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Mad Cow Disease Discovered in Canada

A monitoring program has exposed a new case of mad cow disease, this time on a farm in Alberta, Canada. This disease causes fatal neurodegeneration in cows that results in sponginess of the brain and spinal cord.

Fortunately, after investigating the problem, the Canadian Food Inspection Agency claimed “no part of the infected cow had entered the human or animal food supply.

But this is far from the first case of mad cow disease in Canada.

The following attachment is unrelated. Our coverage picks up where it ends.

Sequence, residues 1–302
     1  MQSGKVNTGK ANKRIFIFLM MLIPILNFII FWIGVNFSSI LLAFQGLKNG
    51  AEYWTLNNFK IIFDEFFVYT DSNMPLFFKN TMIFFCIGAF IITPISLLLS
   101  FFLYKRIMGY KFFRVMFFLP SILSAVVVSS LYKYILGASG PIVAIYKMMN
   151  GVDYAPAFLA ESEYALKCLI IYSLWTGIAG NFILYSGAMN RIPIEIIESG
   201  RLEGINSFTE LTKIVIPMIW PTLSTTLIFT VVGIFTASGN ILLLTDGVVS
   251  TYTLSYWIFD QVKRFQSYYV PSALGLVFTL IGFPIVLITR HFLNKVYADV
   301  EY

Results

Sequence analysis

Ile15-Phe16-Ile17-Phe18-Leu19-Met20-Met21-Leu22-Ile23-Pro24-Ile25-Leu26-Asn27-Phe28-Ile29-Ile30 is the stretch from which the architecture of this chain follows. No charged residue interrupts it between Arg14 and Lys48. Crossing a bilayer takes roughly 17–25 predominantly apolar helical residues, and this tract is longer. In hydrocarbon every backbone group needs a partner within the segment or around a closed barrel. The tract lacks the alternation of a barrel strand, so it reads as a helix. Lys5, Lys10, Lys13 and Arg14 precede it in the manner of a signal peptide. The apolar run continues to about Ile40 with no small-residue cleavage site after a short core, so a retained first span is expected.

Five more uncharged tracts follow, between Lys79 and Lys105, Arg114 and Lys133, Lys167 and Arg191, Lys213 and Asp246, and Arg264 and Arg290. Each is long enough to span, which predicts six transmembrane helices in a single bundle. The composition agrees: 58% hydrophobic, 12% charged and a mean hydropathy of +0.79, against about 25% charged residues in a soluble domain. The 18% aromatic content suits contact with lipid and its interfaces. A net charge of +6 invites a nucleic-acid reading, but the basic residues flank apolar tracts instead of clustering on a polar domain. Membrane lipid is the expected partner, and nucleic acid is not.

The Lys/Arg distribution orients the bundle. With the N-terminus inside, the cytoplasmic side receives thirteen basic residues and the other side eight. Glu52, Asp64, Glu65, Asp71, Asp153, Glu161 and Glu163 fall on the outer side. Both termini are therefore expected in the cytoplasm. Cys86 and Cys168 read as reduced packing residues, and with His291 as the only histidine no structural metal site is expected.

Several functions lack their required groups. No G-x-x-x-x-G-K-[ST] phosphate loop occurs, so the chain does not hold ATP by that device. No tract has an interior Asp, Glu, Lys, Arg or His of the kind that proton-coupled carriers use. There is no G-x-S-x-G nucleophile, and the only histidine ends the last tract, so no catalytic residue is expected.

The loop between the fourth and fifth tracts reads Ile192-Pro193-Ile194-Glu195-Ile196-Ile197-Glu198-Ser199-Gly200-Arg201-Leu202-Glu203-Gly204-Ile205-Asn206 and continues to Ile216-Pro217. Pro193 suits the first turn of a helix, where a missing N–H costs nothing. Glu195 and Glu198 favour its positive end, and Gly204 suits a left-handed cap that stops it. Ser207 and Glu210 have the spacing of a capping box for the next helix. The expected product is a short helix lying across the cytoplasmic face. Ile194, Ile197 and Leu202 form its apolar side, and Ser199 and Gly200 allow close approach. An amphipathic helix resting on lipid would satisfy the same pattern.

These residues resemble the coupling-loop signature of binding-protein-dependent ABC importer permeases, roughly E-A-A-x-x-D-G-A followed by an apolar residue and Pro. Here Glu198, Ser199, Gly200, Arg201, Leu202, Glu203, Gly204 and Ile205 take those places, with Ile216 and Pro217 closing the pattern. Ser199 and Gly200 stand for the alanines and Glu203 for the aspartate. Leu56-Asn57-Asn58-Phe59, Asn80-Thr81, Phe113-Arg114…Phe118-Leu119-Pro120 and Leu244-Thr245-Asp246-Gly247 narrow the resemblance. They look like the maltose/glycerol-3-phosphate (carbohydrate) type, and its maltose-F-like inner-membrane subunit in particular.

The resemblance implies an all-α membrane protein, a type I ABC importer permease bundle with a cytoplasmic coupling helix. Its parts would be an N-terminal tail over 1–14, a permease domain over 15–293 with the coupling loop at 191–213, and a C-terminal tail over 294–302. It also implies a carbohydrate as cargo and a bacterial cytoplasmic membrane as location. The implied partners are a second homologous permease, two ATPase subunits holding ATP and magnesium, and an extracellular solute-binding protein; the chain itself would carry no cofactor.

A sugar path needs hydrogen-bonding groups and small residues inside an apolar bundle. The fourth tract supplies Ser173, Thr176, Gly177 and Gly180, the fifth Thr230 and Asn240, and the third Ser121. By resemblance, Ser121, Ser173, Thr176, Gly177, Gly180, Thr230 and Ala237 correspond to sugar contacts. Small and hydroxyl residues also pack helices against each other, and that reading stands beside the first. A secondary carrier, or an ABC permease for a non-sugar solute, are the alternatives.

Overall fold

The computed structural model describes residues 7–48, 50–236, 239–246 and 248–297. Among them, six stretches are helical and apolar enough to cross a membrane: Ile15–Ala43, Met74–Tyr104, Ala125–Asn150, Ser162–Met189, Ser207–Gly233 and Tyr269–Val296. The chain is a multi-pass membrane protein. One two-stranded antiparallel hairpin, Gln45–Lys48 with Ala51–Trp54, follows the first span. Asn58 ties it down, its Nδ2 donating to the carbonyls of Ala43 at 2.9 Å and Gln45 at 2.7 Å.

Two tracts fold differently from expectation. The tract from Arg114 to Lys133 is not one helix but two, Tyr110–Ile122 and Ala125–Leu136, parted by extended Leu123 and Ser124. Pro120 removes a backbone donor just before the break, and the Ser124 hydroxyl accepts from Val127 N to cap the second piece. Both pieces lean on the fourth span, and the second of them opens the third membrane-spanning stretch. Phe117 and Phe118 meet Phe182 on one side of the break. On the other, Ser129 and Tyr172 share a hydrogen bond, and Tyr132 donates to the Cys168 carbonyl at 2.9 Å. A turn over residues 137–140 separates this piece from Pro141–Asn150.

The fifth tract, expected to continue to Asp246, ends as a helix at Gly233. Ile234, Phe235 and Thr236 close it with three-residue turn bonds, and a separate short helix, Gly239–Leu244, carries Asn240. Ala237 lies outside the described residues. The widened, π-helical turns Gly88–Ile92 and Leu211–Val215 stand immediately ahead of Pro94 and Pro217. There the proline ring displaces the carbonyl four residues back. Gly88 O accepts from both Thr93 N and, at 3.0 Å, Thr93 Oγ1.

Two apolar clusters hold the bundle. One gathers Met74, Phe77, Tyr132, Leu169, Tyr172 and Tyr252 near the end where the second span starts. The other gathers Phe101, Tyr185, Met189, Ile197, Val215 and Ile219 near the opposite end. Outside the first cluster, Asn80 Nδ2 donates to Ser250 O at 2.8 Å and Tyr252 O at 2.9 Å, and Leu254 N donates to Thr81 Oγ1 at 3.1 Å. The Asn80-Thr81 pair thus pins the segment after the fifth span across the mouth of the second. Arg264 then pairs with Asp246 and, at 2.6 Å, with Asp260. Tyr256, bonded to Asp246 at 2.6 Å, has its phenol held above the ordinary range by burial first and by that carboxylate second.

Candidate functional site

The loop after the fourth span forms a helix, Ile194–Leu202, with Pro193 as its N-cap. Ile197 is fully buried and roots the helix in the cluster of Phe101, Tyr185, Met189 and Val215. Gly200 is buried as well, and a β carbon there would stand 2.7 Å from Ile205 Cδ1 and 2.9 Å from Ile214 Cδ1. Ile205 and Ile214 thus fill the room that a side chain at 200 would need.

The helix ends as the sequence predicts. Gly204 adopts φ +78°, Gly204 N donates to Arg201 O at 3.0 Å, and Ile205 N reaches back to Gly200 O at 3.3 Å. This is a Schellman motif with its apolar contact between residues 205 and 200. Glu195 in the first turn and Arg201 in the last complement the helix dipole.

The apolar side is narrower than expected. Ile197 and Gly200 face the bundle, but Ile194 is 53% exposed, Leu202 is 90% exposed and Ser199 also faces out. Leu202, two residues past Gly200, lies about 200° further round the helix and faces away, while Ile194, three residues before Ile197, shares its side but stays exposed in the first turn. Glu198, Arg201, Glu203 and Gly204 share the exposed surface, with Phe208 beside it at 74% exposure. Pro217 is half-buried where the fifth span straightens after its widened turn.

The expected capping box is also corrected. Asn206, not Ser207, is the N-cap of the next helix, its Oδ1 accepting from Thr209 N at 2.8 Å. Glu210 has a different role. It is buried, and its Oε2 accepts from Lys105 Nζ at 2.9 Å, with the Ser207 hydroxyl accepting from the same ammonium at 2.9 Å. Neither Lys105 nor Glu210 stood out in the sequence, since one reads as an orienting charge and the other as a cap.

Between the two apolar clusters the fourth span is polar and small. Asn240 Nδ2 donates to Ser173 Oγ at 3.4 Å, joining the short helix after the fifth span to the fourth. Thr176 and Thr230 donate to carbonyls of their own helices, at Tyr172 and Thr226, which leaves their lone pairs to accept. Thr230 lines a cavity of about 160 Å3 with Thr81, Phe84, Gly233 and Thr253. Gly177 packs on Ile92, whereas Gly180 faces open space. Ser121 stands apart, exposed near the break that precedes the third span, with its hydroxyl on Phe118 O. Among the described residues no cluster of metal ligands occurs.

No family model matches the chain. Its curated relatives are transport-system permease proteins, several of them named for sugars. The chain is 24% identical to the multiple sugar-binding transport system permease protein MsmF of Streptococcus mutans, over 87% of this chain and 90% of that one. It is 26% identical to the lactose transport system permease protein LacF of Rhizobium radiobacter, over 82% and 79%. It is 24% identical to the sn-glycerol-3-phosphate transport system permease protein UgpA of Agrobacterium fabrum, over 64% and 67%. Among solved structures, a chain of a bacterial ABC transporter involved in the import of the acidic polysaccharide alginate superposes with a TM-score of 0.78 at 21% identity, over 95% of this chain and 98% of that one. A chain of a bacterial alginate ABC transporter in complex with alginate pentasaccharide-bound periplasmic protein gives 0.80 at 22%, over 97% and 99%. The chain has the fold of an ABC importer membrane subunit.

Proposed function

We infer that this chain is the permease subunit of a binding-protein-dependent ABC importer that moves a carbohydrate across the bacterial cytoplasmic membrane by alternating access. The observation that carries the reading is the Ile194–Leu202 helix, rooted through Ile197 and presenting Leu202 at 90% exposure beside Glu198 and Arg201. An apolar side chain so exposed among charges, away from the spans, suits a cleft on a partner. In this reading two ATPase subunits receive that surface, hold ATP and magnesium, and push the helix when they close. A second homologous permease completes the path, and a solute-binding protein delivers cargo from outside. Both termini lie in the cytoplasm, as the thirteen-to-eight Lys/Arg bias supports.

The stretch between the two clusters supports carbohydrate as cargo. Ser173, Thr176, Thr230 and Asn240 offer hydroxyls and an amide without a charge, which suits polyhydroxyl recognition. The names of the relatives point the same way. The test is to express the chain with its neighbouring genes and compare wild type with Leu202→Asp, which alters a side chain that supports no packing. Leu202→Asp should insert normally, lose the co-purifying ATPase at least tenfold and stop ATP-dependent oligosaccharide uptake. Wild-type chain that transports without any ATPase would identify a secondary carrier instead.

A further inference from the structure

According to The Star, “Canada had been slow to ban the feeding of cattle by-products to other cattle, taking that step only in 1997 and then the ban proved less than 100 percent effective. By May 2007, a second outbreak led to 10 confirmed cases of mad cow disease.

Unfortunately, not all cases of mad cow disease are detected in time and many are ignored. Just last year, the disease killed a Texas man. In another case, a potentially infected cow made it to the kill floor despite showing symptoms.

Incidents like these reinforce what we already know: meat production is inherently unsafe.

Concerned consumers can avoid contaminated meat and help prevent cruelty to animals by ditching animal products in favor of healthy and humane plant-based alternatives.

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